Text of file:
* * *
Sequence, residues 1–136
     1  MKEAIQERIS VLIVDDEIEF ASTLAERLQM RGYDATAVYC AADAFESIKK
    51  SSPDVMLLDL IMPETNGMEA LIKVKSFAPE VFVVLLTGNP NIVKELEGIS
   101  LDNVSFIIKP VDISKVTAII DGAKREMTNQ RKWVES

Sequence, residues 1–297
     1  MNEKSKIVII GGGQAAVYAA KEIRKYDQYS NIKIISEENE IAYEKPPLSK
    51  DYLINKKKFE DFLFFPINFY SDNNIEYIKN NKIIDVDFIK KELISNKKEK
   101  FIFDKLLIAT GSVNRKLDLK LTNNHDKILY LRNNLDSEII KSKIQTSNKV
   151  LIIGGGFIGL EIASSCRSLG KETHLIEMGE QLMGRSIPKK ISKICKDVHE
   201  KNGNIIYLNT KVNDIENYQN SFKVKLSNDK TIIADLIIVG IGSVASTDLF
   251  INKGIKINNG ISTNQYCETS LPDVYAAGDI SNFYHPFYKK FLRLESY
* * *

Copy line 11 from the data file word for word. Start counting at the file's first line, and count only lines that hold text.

   251  INKGIKINNG ISTNQYCETS LPDVYAAGDI SNFYHPFYKK FLRLESY